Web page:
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A Fish Called Wanda
(1988)
Album Cover Art
1988 Soundscreen/
Little Major
1988 Milan Records/
Soundscreen
Album 2 Cover Art
2017 Music Box Records
Album 3 Cover Art
Composed, Orchestrated, Conducted, and Co-Produced by:
John Du Prez

Co-Produced by:
Andre Jacquemin
Labels Icon
LABELS & RELEASE DATES
Soundscreen/Little Major Records
(1988)

Milan Records/Soundscreen
(1988)

Music Box Records
(2017)
Availability Icon
ALBUM AVAILABILITY
The 1988 album was commercial release in Europe, where it received identical pressings from multiple label combinations. It remained relatively easy to obtain for decades. The 2017 Music Box Records album is limited to 1,000 copies and available initially for $20 only through soundtrack specialty outlets.
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   Availability | Viewer Ratings | Comments | Audio & Track Listings | Notes
Buy it... if you can't resist the funniest, most effective orchestral sex cue in the history of cinema, for John Du Prez highlights his otherwise breezy and predictable parody score with a Wagnerian humping cue that is alone worth the search for the album.

Avoid it... if less than five minutes of monumental symphonic glory is not worth the badly dated light rock that inhabits much of the acoustic and electric guitar-led romantic and crime caper material that dominates the remainder of the score.
Review Icon
EDITORIAL REVIEW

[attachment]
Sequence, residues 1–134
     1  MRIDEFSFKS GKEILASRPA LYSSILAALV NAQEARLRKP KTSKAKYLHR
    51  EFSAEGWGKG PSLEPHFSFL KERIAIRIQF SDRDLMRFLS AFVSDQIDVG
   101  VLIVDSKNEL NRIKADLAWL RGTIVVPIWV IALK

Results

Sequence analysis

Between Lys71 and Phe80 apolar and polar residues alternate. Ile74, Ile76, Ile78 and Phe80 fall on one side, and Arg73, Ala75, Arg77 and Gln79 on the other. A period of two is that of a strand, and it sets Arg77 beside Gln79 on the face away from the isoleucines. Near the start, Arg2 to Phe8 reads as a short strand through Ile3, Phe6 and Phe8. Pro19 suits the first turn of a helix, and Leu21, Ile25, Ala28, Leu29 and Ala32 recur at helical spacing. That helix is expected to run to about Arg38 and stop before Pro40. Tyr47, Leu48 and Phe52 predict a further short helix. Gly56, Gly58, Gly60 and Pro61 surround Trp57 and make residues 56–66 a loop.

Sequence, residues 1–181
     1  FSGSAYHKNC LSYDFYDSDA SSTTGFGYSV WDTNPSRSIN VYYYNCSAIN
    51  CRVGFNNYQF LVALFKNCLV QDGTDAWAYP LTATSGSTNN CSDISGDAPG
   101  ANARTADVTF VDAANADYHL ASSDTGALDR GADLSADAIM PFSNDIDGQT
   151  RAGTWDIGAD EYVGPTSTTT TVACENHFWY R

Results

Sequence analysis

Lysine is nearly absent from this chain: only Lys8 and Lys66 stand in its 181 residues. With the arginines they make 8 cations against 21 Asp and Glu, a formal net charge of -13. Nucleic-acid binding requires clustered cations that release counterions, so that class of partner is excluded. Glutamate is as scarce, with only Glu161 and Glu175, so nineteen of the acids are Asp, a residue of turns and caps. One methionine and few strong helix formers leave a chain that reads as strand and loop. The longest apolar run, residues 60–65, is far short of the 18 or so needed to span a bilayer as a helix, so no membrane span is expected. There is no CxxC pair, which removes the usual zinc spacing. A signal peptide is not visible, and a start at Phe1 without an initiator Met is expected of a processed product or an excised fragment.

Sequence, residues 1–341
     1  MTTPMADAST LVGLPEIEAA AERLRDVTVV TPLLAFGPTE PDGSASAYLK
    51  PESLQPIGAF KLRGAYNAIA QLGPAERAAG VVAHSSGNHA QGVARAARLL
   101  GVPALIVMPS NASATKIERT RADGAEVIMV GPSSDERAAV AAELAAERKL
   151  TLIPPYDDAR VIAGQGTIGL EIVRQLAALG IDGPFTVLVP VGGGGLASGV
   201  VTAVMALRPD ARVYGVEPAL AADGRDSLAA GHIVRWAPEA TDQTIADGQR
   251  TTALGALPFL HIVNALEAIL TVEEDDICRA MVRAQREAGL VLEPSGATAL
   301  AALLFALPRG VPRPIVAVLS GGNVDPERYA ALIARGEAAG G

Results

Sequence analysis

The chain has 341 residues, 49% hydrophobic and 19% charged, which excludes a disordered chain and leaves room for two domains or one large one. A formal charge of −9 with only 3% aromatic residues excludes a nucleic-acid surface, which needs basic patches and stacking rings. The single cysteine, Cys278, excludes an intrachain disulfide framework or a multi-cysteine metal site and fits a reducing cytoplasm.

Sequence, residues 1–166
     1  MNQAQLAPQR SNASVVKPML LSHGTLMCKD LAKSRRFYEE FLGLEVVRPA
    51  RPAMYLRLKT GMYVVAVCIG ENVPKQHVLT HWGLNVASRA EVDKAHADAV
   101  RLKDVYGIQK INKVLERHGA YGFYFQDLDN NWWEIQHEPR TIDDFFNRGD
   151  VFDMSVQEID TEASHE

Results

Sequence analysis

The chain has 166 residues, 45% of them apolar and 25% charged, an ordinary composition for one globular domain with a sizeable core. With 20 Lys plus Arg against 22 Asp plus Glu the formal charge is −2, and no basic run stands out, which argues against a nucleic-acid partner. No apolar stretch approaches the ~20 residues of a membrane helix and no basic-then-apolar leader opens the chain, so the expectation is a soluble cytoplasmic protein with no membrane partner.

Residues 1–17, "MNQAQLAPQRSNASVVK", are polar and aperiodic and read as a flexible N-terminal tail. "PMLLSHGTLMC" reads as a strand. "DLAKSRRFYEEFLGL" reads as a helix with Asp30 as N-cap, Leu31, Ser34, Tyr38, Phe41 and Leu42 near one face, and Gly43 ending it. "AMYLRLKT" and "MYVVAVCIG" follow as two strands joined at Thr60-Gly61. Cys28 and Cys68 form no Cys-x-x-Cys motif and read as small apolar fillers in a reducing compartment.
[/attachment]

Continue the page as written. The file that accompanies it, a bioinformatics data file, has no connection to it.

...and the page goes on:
FILMTRACKS TRAFFIC RANK: #1,687
WRITTEN 8/16/11, REVISED 12/31/17
A Fish Called Wanda: (John Du Prez) As one of the few films to have been confirmed by the media to be the cause of "death by laughter" for an audience member, A Fish Called Wanda resides on many lists of critics' funniest movies of all time. It represents the combined efforts of two legendary British comedians, John Cleese and Charles Crichton, the former famous for his involvement with Monty Python and the latter an established director and editor of English comedies from the 1940's to 1960's before coming out of retirement for A Fish Called Wanda, his final venture on the big screen. Both were nominated for Academy Awards (Cleese for just the screenplay, though he did reportedly direct some of the film as well), and Cleese also earned a BAFTA for his performance as a stuffy barrister in the movie. Fellow Monty Python alum Michael Palin stuttered his way to a BAFTA win himself while Jamie Lee Curtis earned Golden Globe and BAFTA nominations for playing a seductive con artist. The most recognition was saved for Kevin Kline, however, who followed his BAFTA nomination by winning an Academy Award for his memorable supporting role as Curtis' accomplice in the convoluted crime plot. The heist tale in A Fish Called Wanda is only a basic template (or an excuse, one might say) for the clashing of ridiculous characters in Cleese's story, all four leads exhibiting personality quirks that make each of their interactions hysterically funny. After a successful London robbery of precious diamonds, the American duo betrays their British counterparts and spend the rest of the film attempting to lure Cleese's character into divulging where the Brits hid the loot before their arrest. The death of animals in the movie is grotesquely entertaining, as is the unrestrained anti-American viewpoints reflected by Cleese's drawing of the characters. Fallacies of logic are aplenty in the script and often serve one-liners that, in the case of several of them, have become classics ("You're the vulgarian, you fuck!"). The ensemble cast reunited in 1997 for Fierce Creatures, an attempt to capture the same undeniable spark with slight alterations to essentially the same characters, but without the same success.